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Our daily roundup of San Diego’s most important stories (Monday-Friday)
Emergency planning lacking over at the Colorado River, the crime
rate dips again and Duke Cunningham dreams of a return to bygone
The Colorado River has been very good to San Diego and a big chunk of the Southwest: we get three-quarters of our water from it these days. But recently, there was a warning sign of major trouble ahead: a reservoir on the river hit its lowest level since the 1930s.
Since then, the water level in Lake Mead has risen. But climate change could severely reduce the amount of available water and there’s no formal plan to handle a severe shortage. No one knows who will give up water if there’s anything beyond a short-term shortfall.
“Strategies for keeping Lake Mead from dropping further,” Rob Davis reports, “could involve paying farmers to fallow fields, requiring urban residents to conserve, negotiating an agreement with Mexico to reduce its share or striking a deal with states in the upper Colorado that don’t use all they’re entitled to today.”
Maybe they’ll just target me and my over-10-minute showers. (Oh no. I’ve said too much.)
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School District Mulls ‘Quality School’ Plan
Every once in a while, you’ll hear about a program that makes you think, “Wait, this isn’t in place already?”
As the San Diego school district mulls getting rid of most school busing, it is exploring how to make schools better so students won’t have to take a ride across town to get a good education.
One idea, which was discussed at a board meeting yesterday, is to come up with measurements of what makes a “quality school.”
The board liked this idea, but there was disagreement over the district’s system of assigning teachers to schools. It often leaves principals with teachers they don’t want and hurts schools in poor neighborhoods because educators come and go.
The Curious Whydunnit Behind Crime’s Big Decline
Here’s a mystery: The economy has been in bad shape for years, and people keep losing their homes and jobs. Plenty of people live in poverty. Despite all this, crime rates keep dropping both here and across the country. In fact, San Diego has the second-to-lowest crime rate among major cities in the country, a new report says, with only San Jose ranking lower.
San Diego also had the lowest number of murders last year since 1963, a 29 percent drop from 2009 and the steepest fall of all the cities measured. The county’s murder rate has fallen too, the NCT notes, but North County is making up a larger percentage of the overall number.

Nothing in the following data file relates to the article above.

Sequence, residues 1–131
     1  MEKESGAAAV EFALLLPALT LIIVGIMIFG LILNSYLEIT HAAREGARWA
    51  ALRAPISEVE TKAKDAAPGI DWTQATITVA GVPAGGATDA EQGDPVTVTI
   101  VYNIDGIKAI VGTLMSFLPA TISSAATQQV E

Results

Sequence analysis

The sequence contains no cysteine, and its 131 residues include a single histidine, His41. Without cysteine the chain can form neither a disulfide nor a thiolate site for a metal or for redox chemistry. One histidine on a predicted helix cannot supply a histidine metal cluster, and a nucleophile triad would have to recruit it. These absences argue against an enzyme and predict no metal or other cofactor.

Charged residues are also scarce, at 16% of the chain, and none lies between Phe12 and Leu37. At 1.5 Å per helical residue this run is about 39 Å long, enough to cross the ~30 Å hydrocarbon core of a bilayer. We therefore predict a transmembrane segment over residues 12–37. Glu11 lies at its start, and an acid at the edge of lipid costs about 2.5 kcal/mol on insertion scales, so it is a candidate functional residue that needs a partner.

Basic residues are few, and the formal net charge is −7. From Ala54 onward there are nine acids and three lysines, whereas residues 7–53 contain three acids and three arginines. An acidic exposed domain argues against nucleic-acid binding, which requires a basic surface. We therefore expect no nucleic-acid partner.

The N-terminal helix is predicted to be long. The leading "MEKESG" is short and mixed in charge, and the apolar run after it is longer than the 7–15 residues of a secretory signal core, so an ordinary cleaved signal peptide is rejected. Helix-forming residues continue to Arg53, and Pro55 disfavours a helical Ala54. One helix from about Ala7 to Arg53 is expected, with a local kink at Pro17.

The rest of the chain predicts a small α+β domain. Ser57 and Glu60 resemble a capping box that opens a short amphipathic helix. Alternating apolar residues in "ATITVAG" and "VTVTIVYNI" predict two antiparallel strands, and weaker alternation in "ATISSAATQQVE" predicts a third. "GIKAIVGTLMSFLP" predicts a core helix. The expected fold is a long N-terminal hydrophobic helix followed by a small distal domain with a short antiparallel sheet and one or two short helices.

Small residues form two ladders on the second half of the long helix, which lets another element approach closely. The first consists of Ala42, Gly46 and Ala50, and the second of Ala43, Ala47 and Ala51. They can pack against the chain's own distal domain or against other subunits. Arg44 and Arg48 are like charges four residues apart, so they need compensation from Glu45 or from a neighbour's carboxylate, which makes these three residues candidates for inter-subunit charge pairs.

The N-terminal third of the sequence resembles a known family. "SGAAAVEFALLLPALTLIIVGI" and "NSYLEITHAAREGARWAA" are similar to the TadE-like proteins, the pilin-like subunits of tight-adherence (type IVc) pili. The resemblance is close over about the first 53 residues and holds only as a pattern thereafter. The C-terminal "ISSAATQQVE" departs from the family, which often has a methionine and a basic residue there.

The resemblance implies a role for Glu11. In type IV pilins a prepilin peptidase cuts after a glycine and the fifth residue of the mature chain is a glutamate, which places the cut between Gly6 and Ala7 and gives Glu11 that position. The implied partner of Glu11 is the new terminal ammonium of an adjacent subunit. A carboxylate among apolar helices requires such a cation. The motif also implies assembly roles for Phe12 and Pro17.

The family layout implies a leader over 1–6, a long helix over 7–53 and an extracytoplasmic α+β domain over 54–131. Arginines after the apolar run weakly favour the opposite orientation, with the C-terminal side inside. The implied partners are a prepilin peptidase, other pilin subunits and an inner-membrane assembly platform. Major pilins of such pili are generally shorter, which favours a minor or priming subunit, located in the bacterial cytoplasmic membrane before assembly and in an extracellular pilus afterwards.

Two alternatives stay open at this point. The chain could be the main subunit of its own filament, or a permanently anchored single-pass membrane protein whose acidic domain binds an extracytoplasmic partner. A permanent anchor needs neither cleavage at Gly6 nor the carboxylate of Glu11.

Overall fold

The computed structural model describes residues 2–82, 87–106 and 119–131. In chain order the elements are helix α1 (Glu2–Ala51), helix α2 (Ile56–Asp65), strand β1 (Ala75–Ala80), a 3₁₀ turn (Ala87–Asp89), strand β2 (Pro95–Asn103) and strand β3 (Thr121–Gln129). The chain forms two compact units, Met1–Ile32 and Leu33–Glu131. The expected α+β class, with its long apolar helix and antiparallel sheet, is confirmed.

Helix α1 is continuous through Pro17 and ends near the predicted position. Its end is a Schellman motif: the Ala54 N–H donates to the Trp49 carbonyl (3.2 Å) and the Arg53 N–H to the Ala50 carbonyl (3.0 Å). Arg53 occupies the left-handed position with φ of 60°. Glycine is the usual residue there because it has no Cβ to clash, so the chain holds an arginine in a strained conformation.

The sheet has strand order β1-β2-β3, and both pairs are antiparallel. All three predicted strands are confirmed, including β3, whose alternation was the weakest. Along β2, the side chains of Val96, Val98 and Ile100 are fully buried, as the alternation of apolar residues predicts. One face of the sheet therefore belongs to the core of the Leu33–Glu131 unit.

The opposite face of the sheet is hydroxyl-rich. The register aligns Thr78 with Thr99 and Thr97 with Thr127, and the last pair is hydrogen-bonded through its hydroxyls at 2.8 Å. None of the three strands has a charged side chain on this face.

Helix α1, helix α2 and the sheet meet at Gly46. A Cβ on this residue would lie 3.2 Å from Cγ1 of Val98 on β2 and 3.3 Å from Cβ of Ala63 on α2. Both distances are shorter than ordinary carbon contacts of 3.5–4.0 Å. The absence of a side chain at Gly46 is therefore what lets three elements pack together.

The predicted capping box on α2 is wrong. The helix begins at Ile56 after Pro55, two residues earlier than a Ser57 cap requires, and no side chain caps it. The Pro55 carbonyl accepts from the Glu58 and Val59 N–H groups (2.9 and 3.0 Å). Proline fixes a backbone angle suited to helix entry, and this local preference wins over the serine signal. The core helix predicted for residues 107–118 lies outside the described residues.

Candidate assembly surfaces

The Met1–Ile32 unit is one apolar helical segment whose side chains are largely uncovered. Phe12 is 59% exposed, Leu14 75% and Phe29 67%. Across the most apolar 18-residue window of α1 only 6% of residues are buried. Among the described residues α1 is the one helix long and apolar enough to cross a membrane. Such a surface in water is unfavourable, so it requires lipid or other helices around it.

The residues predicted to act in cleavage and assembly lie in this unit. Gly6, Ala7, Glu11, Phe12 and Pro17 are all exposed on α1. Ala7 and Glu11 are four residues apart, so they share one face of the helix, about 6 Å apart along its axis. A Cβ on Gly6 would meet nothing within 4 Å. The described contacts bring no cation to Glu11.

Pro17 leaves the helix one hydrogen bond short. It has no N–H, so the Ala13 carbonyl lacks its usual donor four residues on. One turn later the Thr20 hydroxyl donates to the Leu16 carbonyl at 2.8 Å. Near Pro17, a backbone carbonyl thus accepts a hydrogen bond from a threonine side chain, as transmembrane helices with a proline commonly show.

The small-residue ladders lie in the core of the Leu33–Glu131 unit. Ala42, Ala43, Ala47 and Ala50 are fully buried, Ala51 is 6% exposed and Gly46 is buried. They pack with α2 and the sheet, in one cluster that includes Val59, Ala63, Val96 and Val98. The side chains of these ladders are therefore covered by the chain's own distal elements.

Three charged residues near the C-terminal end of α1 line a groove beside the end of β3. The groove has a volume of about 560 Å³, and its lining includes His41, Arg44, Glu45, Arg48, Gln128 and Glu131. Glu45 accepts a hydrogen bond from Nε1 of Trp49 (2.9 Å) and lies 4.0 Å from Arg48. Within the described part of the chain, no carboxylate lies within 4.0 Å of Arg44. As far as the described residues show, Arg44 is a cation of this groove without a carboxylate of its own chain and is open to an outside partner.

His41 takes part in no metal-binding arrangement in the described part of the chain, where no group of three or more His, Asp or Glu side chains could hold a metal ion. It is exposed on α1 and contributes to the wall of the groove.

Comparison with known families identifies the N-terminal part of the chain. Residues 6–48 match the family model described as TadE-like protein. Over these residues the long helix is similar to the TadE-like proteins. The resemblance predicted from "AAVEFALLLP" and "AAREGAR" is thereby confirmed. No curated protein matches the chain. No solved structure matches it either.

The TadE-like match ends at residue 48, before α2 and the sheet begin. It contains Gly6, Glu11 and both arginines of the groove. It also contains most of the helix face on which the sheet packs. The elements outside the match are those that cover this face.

Maybe lots of bad guys are behind bars. Nope: the imprisonment rate has shrunk, and even that fact hasn’t goosed the crime rate. That may be one bit of good news about the Supreme Court’s order that the state of California stop housing tens of thousands of prisoners in substandard conditions.
There’s not much else that’s good about the ruling, at least for those who aren’t prisoners. (As the U-T notes, they’ve had to deal with intense overcrowding “with as many as 200 prisoners in one gym and as many as 54 sharing a single toilet.”)
A state official says the plan isn’t to release any of the prisoners but instead divert them to county jails. That’s not going over well over at the county: In the U-T, District Attorney Bonnie Dumanis says the state plan is a public safety recipe for disaster.”
Last year, a pending influx of parolees had southeastern San Diego on alert.
Reactions to an Inspection Outage
One commenter pointed out a fact that advocates of all stripes often fail to consider: when money is limited, spending more on one thing means that something else must be cut: “Is there any evidence that quality/safety went down when inspections were rolled back from annual to once every five years? If not, what’s the big deal?”
We’re looking into the data to try and answer his question about quality and safety.
A New Reason Never to Leave California
Disgraced former Congressman Randy “Duke” Cunningham is continuing his cry-me-a-river tour from prison, this time telling a TV news station about his woes. He says his assets — the ones boosted by bribes — are gone. Once released, he “just might end up living in a one-bedroom cabin by a lake to go fishing.”
Cunningham also provided an unexpected bit of news: “He said he is also considering another possible run for Congress in another state.” And it turns out he can actually make a bid for office: felons aren’t prohibited from getting elected to Congress.
Maybe he should think higher. Hey Duke, there’s a presidential opening next year! Uh-oh. I’ve said too much again.